Colloquium | October 11 | 4-5 p.m. | Soda Hall, 306 (HP Auditorium)
Pieter Abbeel, EECS/U.C. Berkeley
Reinforcement learning and imitation learning have seen success in many domains, including autonomous helicopter flight, Atari, simulated locomotion, Go, robotic manipulation. However, sample complexity of these methods remains very high. In contrast, humans can pick up new skills far more quickly. To do so, humans might rely on a better learning algorithm or on a better prior (potentially learned from past experience), and likely on both. In this talk I will describe some recent work on meta-learning for action, where agents learn the imitation/reinforcement learning algorithms and learn the prior. This has enabled acquiring new skills from just a single demonstration or just a few trials. While designed for imitation and RL, our work is more generally applicable and also advanced the state of the art in standard few-shot classification benchmarks such as omniglot and mini-imagenet.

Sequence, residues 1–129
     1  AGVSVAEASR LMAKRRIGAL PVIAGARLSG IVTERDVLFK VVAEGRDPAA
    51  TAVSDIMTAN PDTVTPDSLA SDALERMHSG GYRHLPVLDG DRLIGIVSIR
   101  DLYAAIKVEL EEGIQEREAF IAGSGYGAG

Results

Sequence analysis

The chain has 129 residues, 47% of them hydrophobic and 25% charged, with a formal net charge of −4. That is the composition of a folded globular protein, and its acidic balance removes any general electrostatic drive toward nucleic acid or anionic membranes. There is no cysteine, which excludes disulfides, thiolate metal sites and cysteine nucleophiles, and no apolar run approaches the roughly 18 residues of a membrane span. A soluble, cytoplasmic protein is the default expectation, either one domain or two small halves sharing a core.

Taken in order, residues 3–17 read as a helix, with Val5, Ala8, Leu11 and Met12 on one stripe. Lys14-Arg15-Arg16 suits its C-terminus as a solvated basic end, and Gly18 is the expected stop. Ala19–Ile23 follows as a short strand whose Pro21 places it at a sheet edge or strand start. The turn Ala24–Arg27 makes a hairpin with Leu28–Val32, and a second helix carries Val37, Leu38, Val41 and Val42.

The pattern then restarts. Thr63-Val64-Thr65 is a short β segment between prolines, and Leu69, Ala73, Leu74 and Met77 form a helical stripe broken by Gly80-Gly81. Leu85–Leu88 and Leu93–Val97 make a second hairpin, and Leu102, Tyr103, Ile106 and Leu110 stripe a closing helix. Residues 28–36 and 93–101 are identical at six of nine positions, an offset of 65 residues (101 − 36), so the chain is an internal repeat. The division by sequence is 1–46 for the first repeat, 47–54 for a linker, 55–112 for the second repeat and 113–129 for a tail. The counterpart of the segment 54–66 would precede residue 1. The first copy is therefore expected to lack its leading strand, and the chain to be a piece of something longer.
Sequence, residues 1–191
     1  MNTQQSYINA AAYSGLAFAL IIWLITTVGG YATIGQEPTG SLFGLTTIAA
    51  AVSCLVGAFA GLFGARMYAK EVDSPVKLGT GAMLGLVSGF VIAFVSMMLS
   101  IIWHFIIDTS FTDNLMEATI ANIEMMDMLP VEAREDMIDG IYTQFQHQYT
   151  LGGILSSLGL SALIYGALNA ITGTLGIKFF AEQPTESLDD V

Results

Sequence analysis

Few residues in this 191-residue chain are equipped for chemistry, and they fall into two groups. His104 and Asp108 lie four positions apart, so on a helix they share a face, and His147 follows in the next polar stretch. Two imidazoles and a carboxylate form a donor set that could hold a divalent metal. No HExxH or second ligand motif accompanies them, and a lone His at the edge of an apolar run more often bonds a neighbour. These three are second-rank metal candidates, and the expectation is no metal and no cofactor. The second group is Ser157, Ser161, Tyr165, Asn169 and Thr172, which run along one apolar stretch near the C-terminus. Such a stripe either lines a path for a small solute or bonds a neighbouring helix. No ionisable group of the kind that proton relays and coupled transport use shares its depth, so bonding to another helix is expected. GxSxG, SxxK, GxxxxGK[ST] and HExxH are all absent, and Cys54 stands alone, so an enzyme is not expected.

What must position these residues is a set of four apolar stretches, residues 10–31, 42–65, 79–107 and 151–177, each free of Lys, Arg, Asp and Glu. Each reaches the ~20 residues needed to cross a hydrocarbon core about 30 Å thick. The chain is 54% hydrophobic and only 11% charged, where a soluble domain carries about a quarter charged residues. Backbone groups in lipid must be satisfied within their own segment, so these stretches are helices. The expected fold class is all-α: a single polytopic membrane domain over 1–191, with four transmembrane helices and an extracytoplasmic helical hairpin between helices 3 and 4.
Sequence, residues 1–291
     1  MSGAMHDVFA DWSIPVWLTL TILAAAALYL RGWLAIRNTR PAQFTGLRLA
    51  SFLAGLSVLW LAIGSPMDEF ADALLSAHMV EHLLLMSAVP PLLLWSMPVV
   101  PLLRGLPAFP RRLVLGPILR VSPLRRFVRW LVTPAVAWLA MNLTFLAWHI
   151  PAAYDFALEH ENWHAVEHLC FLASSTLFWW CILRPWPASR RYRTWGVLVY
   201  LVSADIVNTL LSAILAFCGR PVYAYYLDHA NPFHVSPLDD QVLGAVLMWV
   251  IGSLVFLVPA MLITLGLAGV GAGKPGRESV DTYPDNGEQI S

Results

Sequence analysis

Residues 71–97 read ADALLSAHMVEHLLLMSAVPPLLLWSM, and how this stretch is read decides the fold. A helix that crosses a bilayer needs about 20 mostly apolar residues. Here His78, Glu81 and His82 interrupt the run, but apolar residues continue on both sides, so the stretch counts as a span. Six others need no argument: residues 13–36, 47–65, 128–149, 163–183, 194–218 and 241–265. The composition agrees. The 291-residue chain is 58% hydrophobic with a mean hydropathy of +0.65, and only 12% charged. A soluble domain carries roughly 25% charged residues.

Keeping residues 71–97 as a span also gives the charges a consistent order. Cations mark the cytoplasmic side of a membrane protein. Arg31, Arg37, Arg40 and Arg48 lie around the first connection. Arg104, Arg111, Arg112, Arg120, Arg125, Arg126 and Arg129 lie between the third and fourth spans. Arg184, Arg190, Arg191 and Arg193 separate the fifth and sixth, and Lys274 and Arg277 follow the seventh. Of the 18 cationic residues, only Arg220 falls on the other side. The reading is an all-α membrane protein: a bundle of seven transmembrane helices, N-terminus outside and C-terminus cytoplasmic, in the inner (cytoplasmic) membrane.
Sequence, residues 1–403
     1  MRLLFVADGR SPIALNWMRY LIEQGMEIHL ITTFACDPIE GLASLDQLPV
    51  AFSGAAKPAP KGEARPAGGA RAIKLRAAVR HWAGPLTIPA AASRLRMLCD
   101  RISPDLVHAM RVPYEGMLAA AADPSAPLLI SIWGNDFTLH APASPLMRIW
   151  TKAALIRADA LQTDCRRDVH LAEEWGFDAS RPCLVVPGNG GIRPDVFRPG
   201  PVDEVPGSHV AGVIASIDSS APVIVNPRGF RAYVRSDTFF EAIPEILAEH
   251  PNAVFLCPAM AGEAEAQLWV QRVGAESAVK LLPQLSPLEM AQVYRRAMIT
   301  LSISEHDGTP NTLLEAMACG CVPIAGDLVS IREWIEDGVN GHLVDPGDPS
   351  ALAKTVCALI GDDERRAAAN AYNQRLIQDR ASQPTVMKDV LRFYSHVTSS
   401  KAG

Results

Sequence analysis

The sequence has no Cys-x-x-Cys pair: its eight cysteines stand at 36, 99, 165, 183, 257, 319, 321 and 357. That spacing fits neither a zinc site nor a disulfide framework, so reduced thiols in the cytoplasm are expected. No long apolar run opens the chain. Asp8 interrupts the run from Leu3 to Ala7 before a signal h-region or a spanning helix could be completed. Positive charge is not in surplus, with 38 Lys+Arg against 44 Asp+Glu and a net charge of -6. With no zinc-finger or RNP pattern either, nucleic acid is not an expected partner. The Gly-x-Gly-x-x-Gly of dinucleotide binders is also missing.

Pieter Abbeel (Associate Professor UC Berkeley, Research Scientist OpenAI) has developed apprenticeship learning algorithms which have enabled advanced helicopter aerobatics, including maneuvers such as tic-tocs, chaos and auto-rotation, which only exceptional human pilots can perform. His group has enabled the first end-to-end completion of reliably picking up a crumpled laundry article and folding it and has pioneered deep reinforcement learning for robotics, including learning locomotion and visuomotor skills. His work has been featured in many popular press outlets, including BBC, New York Times, MIT Technology Review, Discovery Channel, SmartPlanet and Wired. His current research focuses on robotics and machine learning with particular focus on deep reinforcement learning, deep imitation learning, deep unsupervised learning, meta-learning, and AI safety.